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dc.contributor.authorZhang, Hanzhi
dc.contributor.authorChen, Chengrong
dc.contributor.authorGray, Evan M
dc.contributor.authorBoyd, Sue E
dc.contributor.authorYang, Hong
dc.contributor.authorZhang, Dongke
dc.date.accessioned2017-11-29T02:05:30Z
dc.date.available2017-11-29T02:05:30Z
dc.date.issued2016
dc.identifier.issn0016-7061
dc.identifier.doi10.1016/j.geoderma.2016.04.020
dc.identifier.urihttp://hdl.handle.net/10072/99988
dc.description.abstractIn this study, the amounts of phosphorus (P) in nine types of biochar (one natural woody biochar and eight manufactured plant derived biochars) extractable by deionized water, 0.5 N NaHCO3 (pH = 8.5) and 0.5 N H2SO4, respectively, and P adsorption on single biochar or soil/biochar mixtures were examined to investigate the potential effect and role of biochar in improving P availability in soils. Results indicated that biochars were able to bring available P into soils, but the amount and form of available P was dependent on biochar types. The results from P adsorption experiments (in phosphate solutions of 100 and 200 mg P L− 1, respectively) revealed that not all the biochars showed favourable P retention abilities and the amount of P retained by each biochar varied with the P concentration in the solution used. Among the nine biochars studied, only biochar derived from Mallee (Eucalyptus polybractea) at 720 °C with a solid residence time of 20 min showed a high P retention ability. Soils amended with Mallee biochar (5% w/w) showed an increase in the P retention ability by 16% after treatment with 200 mg P L− 1 phosphate solution. 55% of the retained P on Mallee biochar was still available for plant uptake. Results from the kinetic study of P adsorption on Mallee biochar indicated that there were two stages in P adsorption on Mallee biochar, a rapid chemisorption stage followed by a surface-diffusion-controlled stage when the surface adsorption sites were saturated. Scanning electron microscopy coupled with energy dispersive X-ray spectroscopy and attenuated total reflectance-Fourier transform infrared spectroscopy revealed that calcium carbonate was mainly responsible for P chemisorption on Mallee biochar.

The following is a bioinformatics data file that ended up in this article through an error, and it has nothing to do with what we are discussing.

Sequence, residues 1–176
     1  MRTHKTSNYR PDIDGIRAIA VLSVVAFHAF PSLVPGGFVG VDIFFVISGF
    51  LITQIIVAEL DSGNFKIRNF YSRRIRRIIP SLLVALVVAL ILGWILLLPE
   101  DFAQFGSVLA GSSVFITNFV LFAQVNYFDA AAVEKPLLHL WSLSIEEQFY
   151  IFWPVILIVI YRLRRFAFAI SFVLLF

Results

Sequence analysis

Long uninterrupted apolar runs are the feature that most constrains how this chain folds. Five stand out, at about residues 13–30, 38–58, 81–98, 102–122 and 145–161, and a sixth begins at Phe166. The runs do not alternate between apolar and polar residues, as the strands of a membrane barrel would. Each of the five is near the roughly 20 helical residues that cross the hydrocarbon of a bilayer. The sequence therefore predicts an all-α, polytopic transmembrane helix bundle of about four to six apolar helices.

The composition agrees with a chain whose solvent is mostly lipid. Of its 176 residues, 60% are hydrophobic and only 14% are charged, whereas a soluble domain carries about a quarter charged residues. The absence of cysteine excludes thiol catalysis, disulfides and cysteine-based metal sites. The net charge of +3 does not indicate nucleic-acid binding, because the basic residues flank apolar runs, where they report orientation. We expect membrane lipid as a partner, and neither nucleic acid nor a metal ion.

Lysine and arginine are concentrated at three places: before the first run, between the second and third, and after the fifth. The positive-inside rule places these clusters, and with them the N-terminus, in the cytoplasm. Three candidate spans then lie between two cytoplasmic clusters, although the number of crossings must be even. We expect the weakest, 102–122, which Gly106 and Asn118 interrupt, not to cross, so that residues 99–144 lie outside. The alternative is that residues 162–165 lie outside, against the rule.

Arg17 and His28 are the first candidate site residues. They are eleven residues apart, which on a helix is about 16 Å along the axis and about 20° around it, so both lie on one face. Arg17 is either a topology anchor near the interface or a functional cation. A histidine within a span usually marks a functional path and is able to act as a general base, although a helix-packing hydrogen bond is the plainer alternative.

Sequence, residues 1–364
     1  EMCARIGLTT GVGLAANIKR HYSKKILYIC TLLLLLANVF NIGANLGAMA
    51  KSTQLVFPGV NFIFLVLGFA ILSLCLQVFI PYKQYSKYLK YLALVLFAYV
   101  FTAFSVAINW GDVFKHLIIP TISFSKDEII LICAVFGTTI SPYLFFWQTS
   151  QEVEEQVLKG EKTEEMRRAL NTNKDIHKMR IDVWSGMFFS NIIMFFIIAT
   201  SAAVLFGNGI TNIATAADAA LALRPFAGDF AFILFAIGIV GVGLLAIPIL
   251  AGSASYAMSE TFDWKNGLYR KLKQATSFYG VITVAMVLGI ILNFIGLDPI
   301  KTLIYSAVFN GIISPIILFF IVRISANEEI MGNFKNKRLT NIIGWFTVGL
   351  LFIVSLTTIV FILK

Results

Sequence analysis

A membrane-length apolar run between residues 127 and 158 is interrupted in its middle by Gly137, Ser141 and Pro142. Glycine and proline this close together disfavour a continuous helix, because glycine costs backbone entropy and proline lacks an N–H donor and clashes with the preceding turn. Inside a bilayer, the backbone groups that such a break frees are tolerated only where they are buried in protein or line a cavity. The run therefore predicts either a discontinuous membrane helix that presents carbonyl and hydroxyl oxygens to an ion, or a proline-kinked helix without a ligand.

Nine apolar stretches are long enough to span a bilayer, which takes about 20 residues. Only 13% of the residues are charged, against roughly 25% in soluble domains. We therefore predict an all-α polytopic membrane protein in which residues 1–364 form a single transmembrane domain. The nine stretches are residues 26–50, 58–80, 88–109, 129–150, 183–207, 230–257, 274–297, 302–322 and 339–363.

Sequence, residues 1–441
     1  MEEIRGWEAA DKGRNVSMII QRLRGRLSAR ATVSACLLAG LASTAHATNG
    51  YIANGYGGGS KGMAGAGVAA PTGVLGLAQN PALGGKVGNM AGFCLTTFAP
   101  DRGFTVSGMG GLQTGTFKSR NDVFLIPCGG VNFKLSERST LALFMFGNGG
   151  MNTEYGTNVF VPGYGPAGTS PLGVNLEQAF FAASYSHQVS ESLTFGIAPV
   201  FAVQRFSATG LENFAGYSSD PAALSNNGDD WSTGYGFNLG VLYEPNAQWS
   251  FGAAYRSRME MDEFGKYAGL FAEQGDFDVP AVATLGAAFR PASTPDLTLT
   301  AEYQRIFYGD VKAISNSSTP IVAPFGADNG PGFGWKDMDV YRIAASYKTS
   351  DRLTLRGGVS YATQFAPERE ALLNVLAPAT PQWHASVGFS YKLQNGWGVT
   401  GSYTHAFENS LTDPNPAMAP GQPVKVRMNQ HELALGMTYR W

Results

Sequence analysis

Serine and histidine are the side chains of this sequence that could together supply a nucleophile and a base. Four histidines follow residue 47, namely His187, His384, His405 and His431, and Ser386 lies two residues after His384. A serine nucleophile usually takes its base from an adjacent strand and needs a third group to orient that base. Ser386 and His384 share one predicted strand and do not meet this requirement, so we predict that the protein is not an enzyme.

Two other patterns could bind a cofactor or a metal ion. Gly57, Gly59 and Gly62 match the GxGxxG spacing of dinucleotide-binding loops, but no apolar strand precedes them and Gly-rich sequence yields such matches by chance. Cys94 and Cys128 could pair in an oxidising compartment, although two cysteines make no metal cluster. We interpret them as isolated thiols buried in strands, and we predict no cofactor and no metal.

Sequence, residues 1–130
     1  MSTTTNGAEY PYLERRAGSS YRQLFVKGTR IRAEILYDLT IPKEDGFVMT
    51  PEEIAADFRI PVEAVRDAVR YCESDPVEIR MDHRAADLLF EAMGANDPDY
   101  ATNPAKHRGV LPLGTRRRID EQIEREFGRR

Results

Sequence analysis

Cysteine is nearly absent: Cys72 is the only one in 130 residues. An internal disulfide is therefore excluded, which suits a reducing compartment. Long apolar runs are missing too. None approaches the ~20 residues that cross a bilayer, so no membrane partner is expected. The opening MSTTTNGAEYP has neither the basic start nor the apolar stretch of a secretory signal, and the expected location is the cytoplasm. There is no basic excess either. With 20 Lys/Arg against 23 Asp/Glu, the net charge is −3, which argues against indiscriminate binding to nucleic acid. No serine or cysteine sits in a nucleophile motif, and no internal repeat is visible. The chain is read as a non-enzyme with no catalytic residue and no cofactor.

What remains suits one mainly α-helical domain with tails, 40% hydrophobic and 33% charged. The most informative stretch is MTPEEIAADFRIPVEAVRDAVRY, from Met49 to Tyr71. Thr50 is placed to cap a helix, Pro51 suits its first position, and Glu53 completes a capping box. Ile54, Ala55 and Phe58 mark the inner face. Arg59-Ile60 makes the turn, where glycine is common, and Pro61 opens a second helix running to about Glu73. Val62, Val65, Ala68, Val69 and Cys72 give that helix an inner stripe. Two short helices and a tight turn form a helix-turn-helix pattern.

dc.description.peerreviewedYes
dc.languageEnglish
dc.language.isoeng
dc.publisherElsevier
dc.relation.ispartofpagefrom1
dc.relation.ispartofpageto6
dc.relation.ispartofjournalGeoderma
dc.relation.ispartofvolume276
dc.subject.fieldofresearchEnvironmental Sciences not elsewhere classified
dc.subject.fieldofresearchEnvironmental Sciences
dc.subject.fieldofresearchBiological Sciences
dc.subject.fieldofresearchAgricultural and Veterinary Sciences
dc.subject.fieldofresearchcode059999
dc.subject.fieldofresearchcode05
dc.subject.fieldofresearchcode06
dc.subject.fieldofresearchcode07
dc.titleRoles of biochar in improving phosphorus availability in soils: A phosphate adsorbent and a source of available phosphorus
dc.typeJournal article
dc.type.descriptionC1 - Articles
dc.type.codeC - Journal Articles
gro.facultyGriffith Sciences, Griffith School of Environment
gro.hasfulltextNo Full Text
gro.griffith.authorBoyd, Sue E.
gro.griffith.authorGray, Evan M.
gro.griffith.authorChen, Chengrong
gro.griffith.authorZhang, Hanzhi


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